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Report this Post03-08-2011 11:48 PM Click Here to See the Profile for bjc 350Send a Private Message to bjc 350Edit/Delete MessageReply w/QuoteDirect Link to This Post
I painted my 85 GT with black Rustoleum and thinned 20%. It has minimal orange peel. I just recently painted my 84 with Regal Red Rustoleum and thinned it 25%. The red orange peeled badly. Being an amatuer painter, I'm not sure of the cause. I know it was much warmer in the shop when I had the orange peel problem. I am thinking the thinner[acetone] and the warmer shop may have prevented the Rusto from flowing out before setting. Also, I usualy wipe a car down with laquer thinner before painting. This time I used a cleaner/solvent and that may have contributed to the problem. I do know that it takes a lot of sanding to remove orange peel, and I hate sanding. Good luck on your project.

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Report this Post03-09-2011 05:04 AM Click Here to See the Profile for FieroFiendSend a Private Message to FieroFiendEdit/Delete MessageReply w/QuoteDirect Link to This Post
The whole point of the rustoleum is that it can be rolled on if your going to spray use legitimate paint. Granted rustoleum jobs can look great theres just no good reason not to use good automotive paints if your going to spray it.
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Report this Post03-09-2011 06:58 AM Click Here to See the Profile for FriendOfYoursSend a Private Message to FriendOfYoursEdit/Delete MessageReply w/QuoteDirect Link to This Post
Says right on the can to reduce with acetone 15%
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dutch
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Report this Post03-09-2011 09:26 AM Click Here to See the Profile for dutchClick Here to Email dutchSend a Private Message to dutchEdit/Delete MessageReply w/QuoteDirect Link to This Post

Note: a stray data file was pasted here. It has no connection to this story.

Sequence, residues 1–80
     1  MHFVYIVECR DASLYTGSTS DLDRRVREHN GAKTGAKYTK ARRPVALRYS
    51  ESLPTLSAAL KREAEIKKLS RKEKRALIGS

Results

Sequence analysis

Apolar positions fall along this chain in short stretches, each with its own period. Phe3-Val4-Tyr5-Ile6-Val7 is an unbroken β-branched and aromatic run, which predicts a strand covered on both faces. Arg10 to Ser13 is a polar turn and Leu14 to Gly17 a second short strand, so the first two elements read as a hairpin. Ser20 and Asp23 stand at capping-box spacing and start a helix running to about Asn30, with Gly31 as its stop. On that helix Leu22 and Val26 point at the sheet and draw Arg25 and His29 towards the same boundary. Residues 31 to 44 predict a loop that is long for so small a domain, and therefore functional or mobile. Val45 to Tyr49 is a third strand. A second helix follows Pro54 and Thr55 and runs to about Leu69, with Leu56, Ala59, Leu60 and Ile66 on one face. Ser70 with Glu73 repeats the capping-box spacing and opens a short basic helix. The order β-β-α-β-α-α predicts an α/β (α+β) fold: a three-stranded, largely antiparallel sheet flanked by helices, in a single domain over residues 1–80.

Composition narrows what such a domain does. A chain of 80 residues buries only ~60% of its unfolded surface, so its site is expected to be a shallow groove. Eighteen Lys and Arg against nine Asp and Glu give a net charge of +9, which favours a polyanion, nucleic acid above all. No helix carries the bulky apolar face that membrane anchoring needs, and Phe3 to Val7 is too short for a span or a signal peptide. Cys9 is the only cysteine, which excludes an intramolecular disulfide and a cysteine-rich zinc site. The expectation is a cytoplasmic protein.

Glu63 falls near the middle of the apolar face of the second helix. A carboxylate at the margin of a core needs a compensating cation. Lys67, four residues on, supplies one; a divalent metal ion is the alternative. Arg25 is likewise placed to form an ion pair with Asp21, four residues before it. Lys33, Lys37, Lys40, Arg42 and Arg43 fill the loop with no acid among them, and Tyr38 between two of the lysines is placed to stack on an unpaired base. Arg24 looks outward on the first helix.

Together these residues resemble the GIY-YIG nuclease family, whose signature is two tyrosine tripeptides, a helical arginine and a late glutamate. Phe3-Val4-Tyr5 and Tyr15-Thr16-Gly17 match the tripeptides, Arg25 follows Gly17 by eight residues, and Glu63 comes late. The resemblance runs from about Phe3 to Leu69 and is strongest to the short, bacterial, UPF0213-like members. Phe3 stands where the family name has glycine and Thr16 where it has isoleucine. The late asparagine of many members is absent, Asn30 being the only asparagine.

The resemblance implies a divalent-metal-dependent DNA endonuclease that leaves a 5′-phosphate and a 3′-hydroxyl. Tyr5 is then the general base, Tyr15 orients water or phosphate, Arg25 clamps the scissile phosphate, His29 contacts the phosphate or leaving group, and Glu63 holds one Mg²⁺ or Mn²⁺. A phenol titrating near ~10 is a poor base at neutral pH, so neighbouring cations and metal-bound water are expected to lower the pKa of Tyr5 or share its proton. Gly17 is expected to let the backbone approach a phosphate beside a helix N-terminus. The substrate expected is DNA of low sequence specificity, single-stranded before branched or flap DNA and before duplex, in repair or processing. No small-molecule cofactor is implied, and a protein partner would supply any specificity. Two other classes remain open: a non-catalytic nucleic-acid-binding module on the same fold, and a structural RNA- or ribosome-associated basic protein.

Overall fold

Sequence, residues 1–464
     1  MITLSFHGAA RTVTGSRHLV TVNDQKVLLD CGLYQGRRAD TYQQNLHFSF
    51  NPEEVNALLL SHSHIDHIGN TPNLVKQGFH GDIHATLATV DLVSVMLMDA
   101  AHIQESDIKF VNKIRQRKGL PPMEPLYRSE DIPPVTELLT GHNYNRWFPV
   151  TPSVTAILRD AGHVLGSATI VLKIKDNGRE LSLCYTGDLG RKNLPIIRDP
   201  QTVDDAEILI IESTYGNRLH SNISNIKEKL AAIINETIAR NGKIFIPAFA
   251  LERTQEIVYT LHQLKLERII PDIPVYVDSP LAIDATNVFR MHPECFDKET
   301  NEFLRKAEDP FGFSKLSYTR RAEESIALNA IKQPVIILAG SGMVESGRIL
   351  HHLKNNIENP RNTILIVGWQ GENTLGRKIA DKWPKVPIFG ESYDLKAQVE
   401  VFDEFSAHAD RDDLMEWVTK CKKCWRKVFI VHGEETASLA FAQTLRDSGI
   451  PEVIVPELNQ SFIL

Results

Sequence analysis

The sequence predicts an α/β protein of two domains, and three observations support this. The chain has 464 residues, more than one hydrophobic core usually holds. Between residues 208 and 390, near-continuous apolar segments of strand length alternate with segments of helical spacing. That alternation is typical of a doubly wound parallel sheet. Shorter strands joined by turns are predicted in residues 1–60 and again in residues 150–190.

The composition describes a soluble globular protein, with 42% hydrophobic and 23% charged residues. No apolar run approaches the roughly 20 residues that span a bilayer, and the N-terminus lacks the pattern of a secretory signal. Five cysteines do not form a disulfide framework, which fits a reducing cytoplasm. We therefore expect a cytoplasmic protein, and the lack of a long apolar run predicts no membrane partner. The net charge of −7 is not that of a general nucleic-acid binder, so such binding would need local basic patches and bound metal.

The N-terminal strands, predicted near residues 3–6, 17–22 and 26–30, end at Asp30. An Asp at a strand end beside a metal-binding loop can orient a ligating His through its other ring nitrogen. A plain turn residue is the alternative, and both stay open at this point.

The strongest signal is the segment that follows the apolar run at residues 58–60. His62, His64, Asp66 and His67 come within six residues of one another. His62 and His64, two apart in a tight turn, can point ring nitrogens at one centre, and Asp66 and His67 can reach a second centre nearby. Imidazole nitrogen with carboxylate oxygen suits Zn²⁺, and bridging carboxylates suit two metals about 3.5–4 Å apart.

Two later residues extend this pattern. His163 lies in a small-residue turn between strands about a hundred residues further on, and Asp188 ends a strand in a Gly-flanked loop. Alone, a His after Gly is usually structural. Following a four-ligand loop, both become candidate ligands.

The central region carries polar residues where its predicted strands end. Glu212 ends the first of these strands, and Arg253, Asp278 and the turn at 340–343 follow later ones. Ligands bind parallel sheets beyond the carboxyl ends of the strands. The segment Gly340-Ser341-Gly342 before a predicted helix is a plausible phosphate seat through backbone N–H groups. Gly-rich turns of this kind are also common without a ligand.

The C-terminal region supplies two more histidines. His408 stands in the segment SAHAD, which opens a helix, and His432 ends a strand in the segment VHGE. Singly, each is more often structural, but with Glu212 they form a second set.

acetone will evapoate very quickly and make the paint set up quickly also causing orange peel effect. another important thing is the size of the tip your HVLP has. you need one that will atomize the paint good.i agree with others here, if you're going to so much trouble, get a base/clear for the job.
Dutch
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Report this Post03-09-2011 09:34 AM Click Here to See the Profile for Doug85GTSend a Private Message to Doug85GTEdit/Delete MessageReply w/QuoteDirect Link to This Post
This is off topic, but do you have a write-up on how your did your hood vents? They look great.
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MordacP
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Report this Post03-09-2011 11:37 PM Click Here to See the Profile for MordacPClick Here to Email MordacPSend a Private Message to MordacPEdit/Delete MessageReply w/QuoteDirect Link to This Post